Turkish president condemns Israel’s raid on Al-Aqsa Mosque worshippers

Turkish President Recep Tayyip Erdogan on Sunday condemned Israel’s actions against the worshippers in Al-Aqsa Mosque in Jerusalem during his phone call with his Palestinian counterpart Mahmoud Abbas.

“During our conversation, I expressed that I strongly condemn Israel’s interventions against the worshippers in Al-Aqsa Mosque and that we will stand against the provocations and threats to the status quo and spirituality of Al-Aqsa Mosque,” Erdogan said on Twitter.

“Turkey always stands with Palestine,” he added, noting the events reaffirm the necessity for all Palestinian groups to work toward unity and reconciliation.

The tension between Israelis and Palestinians has flared up in the West Bank and East Jerusalem over the past weeks, especially when the Jewish festival of Passover began on Friday during the Muslim holy month of Ramadan.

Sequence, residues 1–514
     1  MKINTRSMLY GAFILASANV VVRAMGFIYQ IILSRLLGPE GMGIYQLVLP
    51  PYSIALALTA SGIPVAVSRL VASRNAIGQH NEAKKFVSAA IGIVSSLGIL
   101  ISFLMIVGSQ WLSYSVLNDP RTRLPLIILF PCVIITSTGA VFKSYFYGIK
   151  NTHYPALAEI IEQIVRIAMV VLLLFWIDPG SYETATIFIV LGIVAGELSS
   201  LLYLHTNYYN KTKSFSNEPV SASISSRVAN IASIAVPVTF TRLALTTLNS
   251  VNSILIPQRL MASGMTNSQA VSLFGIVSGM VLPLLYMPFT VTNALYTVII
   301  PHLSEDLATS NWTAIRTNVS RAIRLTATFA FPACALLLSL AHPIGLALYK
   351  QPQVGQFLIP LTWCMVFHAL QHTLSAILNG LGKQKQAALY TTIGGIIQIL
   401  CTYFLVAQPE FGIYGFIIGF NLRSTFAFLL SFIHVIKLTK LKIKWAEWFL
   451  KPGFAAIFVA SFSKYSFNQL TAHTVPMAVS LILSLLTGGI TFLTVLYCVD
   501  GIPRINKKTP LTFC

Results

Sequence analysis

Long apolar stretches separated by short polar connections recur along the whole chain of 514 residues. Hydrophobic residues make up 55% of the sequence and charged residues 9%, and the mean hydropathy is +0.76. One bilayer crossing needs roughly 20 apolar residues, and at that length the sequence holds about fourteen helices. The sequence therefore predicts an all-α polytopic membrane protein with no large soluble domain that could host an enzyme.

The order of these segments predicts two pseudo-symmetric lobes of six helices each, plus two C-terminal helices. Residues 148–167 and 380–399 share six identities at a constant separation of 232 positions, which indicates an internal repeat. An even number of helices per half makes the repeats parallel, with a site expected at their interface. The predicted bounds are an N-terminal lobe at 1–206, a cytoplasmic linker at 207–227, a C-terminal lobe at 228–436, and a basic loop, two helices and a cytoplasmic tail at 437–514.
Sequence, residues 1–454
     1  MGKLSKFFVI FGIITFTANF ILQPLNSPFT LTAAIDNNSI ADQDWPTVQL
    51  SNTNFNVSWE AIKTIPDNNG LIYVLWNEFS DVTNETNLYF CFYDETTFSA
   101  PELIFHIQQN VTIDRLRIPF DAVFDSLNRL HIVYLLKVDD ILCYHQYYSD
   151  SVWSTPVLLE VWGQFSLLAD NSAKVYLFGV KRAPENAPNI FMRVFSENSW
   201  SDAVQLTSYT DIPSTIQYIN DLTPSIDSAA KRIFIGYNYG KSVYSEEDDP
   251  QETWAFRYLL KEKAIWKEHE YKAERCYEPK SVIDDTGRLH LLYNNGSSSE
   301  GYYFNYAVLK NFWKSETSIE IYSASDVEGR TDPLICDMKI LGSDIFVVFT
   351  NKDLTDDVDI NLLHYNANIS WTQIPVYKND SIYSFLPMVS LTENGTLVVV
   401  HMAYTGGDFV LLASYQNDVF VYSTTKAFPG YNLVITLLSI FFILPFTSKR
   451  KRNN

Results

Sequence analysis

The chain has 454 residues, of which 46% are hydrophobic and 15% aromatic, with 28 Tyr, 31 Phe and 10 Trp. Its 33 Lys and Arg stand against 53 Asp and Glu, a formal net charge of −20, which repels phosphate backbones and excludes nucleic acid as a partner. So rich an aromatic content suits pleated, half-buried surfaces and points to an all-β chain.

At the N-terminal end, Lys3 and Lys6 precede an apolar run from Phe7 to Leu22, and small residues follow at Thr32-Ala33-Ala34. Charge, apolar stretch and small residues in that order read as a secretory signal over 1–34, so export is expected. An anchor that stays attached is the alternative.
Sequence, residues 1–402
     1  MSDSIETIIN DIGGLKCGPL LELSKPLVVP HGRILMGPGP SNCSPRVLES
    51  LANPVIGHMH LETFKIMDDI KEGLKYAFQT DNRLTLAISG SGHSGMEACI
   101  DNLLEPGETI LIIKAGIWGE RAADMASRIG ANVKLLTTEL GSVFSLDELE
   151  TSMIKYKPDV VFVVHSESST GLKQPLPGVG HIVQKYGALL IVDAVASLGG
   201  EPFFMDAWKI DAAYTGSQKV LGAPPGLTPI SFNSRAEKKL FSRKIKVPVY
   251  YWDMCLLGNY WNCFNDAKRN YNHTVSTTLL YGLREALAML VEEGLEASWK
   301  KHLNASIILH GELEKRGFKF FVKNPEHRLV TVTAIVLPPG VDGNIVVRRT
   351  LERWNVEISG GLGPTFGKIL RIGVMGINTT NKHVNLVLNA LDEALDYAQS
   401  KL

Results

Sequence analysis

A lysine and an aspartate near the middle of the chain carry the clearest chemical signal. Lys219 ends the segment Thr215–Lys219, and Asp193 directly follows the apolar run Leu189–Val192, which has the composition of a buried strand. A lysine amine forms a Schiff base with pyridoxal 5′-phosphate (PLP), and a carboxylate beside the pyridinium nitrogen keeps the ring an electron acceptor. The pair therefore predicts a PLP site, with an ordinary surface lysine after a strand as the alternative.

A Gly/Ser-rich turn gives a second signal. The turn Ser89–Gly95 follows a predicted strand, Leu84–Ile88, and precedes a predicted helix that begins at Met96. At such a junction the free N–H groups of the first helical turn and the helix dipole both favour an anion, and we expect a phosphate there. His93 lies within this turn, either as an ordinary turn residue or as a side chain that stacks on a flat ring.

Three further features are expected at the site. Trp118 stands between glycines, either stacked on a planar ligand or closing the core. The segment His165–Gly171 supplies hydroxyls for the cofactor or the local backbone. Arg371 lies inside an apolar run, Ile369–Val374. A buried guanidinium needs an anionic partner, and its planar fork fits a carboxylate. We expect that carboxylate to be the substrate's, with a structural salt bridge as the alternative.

The Friday clashes between Palestinians and Israeli police forces at the Al-Aqsa Mosque compound in Jerusalem left more than 160 people wounded.

The relations between Turkey and Israel were strained in 2010 when a Turkish-led flotilla attempting to break Israel’s blockade on the Gaza Strip clashed with Israeli forces, leaving 10 Turks on board dead.

In a more recent spat in 2018, Turkey expelled the Israeli ambassador to Turkey after the United States moved its embassy to Jerusalem.

The two countries have been working on a rapprochement in recent months. On March 9, Israeli President Isaac Herzog paid a visit to Ankara, during which Erdogan said he “clearly expressed Turkey’s sensitivity on the issue of Palestine.” ■

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